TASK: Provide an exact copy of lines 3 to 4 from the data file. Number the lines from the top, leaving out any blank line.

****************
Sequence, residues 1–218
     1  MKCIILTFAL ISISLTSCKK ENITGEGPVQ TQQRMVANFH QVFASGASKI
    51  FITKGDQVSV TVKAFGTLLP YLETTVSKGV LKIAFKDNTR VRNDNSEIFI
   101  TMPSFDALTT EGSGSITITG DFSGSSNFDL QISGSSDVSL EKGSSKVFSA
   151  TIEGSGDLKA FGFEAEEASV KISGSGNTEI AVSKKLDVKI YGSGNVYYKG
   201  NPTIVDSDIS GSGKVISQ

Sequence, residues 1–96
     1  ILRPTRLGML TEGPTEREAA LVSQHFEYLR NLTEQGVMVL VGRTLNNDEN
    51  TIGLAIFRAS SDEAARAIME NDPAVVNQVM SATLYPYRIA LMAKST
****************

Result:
    51  FITKGDQVSV TVKAFGTLLP YLETTVSKGV LKIAFKDNTR VRNDNSEIFI
   101  TMPSFDALTT EGSGSITITG DFSGSSNFDL QISGSSDVSL EKGSSKVFSA